03/14/2011 02:14 pm ET | Updated May 25, 2011

Norman Rockwell and Mark Twain: Two of a Kind

Separated by only 70 miles, there are two museums dedicated to the life, legacy and homes of two American icons: The Norman Rockwell Museum in Stockbridge, Massachusetts and The Mark Twain House & Museum in Hartford, Connecticut. Twain and Rockwell have been paired in many ways and identified as the creators of an idealized sense of American childhood. Although Rockwell was born in 1894, when Twain was at the height of his fame, and raised in New York City, where Twain spent many of his final of years, the two men never met. Essentially Twain and Rockwell were of two different centuries and two different generations. Why then are Rockwell and Twain intertwined in the public consciousness?

With books like The Adventures of Tom Sawyer, Adventures of Huckleberry Finn and Life on the Mississippi, Twain explored many of the seemingly carefree idylls of the typical American boy's life. At the beginning of his career, Rockwell illustrated the cover of Boy's Life, the magazine of the Boy Scouts of America. Twain's books feature adventure, overactive imaginations and afternoons spent playing hooky with friends. Rockwell's illustrations for The Saturday Evening Post and his advertisements for clients such as Mass Mutual Life Insurance show the energy, rebelliousness and delights of childhood alongside the importance of family. Both Rockwell and Twain's work are suffused with humor and contain many touching, easily identifiable moments. Stories of spirited childhood have been called "Twainian," while images of a family seated together at the dinner table are labeled "Rockwellian." Both epitomize nostalgic Americana.

Rockwell's art and Twain's prose are, in essence, for the masses. Twain stated, "My books are water: those of the great geniuses are wine. Everybody drinks water." (Mark Twain's Notebook) This somewhat self-deprecating remark could easily apply to Rockwell's art, which was widely available on newsstands and in magazines. Twain's books were sold door-to-door by subscription. Unlike the works of "great geniuses," Twain and Rockwell's creations were readily available in everyone's home. Eventually Walt Disney would seize upon Rockwell and Twain's visions for childhood and reinforce them in the public's subconscious via film, television and theme parks. Disney created Tom Sawyer Island and the Mark Twain Riverboat for his amusement parks. Rockwell befriended Disney and sketched the media mogul's daughters.

Although Rockwell worked in paint, he is not typically referred to as a painter the way a great master would be. He was labeled "an illustrator," a term he embraced, probably because his work was often for-hire and commercial in nature. Twain, similarly, was seen less as a novelist and more frequently labeled as "a humorist." Twain intended his work to reach the widest possible audience.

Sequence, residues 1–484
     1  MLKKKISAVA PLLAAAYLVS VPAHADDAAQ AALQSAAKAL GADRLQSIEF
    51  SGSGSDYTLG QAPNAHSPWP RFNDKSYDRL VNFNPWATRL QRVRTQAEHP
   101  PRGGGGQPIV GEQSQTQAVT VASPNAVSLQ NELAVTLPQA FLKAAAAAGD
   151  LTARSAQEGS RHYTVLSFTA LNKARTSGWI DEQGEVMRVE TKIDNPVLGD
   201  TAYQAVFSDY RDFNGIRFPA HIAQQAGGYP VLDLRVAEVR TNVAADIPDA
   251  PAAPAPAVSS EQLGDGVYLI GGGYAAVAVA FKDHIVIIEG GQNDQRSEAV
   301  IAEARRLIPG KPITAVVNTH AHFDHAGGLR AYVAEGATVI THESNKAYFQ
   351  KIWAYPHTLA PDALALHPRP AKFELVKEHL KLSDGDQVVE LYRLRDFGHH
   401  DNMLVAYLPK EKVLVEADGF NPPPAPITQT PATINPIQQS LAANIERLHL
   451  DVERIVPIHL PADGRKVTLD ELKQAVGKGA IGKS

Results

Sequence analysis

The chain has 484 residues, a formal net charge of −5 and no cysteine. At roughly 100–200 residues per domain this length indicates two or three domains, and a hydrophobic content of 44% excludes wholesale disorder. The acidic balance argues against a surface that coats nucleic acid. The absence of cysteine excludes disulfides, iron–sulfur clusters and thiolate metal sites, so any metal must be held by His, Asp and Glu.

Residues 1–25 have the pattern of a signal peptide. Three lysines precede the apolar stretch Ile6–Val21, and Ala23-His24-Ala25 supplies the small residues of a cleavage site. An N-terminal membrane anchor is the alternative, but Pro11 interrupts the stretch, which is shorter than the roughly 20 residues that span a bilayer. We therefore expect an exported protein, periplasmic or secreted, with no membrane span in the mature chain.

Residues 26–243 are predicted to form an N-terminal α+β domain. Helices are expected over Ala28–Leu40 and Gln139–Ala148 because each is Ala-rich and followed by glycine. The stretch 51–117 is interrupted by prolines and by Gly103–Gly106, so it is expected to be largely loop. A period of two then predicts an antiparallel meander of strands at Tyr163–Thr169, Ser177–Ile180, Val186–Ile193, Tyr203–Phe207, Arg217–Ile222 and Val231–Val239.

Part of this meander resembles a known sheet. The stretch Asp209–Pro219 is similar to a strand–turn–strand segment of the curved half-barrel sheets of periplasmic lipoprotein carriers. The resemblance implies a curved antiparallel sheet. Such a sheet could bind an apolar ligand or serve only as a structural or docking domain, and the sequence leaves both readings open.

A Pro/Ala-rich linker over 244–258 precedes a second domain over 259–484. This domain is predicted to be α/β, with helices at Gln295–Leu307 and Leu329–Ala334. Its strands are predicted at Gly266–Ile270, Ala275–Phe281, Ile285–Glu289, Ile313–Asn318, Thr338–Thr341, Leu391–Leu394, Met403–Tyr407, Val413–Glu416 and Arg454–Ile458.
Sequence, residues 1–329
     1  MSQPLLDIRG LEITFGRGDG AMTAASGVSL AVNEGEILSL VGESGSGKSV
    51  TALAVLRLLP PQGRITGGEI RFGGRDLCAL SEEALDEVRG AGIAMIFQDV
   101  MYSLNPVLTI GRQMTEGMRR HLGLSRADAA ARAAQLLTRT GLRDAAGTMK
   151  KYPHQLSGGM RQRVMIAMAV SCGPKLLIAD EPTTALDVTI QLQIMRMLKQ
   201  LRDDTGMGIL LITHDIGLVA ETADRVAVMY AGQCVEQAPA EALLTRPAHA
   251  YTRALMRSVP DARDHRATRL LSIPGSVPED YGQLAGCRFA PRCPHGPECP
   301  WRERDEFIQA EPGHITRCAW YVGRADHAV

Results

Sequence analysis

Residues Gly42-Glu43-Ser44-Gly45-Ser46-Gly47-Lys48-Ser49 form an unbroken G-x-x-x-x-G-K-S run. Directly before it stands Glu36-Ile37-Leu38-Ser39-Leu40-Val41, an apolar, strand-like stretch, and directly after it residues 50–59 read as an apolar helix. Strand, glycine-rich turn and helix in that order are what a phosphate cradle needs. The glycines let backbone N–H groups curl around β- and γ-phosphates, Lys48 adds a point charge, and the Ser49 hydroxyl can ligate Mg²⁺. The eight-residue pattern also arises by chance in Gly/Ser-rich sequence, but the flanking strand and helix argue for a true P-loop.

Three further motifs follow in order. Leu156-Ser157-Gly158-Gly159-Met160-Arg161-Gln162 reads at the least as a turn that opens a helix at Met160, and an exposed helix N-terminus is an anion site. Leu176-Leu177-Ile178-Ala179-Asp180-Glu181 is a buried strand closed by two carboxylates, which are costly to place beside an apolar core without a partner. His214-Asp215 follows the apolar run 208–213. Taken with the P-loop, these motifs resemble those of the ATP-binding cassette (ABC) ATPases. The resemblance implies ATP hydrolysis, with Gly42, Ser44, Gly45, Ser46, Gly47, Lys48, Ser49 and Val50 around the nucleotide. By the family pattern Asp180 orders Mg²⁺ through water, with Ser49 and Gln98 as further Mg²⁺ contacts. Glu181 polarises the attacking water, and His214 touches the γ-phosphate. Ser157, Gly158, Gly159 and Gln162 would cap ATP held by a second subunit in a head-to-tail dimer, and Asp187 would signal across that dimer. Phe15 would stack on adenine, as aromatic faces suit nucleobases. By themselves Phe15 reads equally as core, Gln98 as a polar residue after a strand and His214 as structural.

As a result, it is easy to forget how both Twain and Rockwell could be provocative or daring, depicting the gravity of issues involving subjects like race, gender and class with penetrating clarity and seriousness. Some critics have dismissed their work as lightweight or as responsible for over-mythologizing a white paradigm of American childhood, but this ignores the power of Twain's Huckleberry Finn and Rockwell's Civil Rights-era The Problem We All Live With or Twain's trenchant writings on American Imperialism and Rockwell's iconic representation of basic human rights in The Four Freedoms. Certainly Twain seemed to probe darker corners of the American psyche with his many vicious attacks on hypocrisy while Rockwell embraced the war-time patriotic and ideological fervor typical of someone who lived through the two World Wars.

Both Rockwell and Twain have had the last laugh. They are arguably more popular than ever: recent Rockwell exhibitions have smashed attendance records at museums across the country. Twain's Autobiography has been firmly lodged on The New York Times Bestseller list since its release and a recent controversy about a censored version of Huckleberry Finn dominated the news at the beginning of 2011.

It is really not surprising that we often think of Rockwell and Twain together. Rockwell was commissioned to create illustrations for the 1936 Heritage Press edition of The Adventures of Tom Sawyer and the 1940 Heritage Press edition of Adventures of Huckleberry Finn. Rockwell traveled to Hannibal to create his sketches, immersing himself in Twain's world. The artist stated, "These were classics. I read through the books, making notes of which scenes would make good pictures. Of course certain scenes -- for instance, Tom whitewashing his Aunt Polly's fence -- were required." He went on to describe the world of Twain's novels as, "complete and perfect to the last detail." We would guess that Twain would express the same sentiments toward Rockwell's work.

The Mark Twain House & Museum in Hartford is delighted to celebrate the impact of these two icons that have become inextricably linked. Working in conjunction with the Norman Rockwell Museum, our curators have assembled an expansive exhibition chronicling the literal and thematic links of these two American icons. The exhibition features images that Rockwell created for Tom Sawyer and Huckleberry Finn, as well as original illustrations from the collections of The Mark Twain Boyhood Home in Hannibal, MO and the New Britain Museum of American Art. We invite visitors to immerse themselves in the nostalgia of American childhood created by these two giants.

Jacques Lamarre is the Director of Communications for The Mark Twain House & Museum in Hartford, CT. He is a playwright and has written for Hartford Magazine, Northend Agents and Connecticut Theatre Magazine.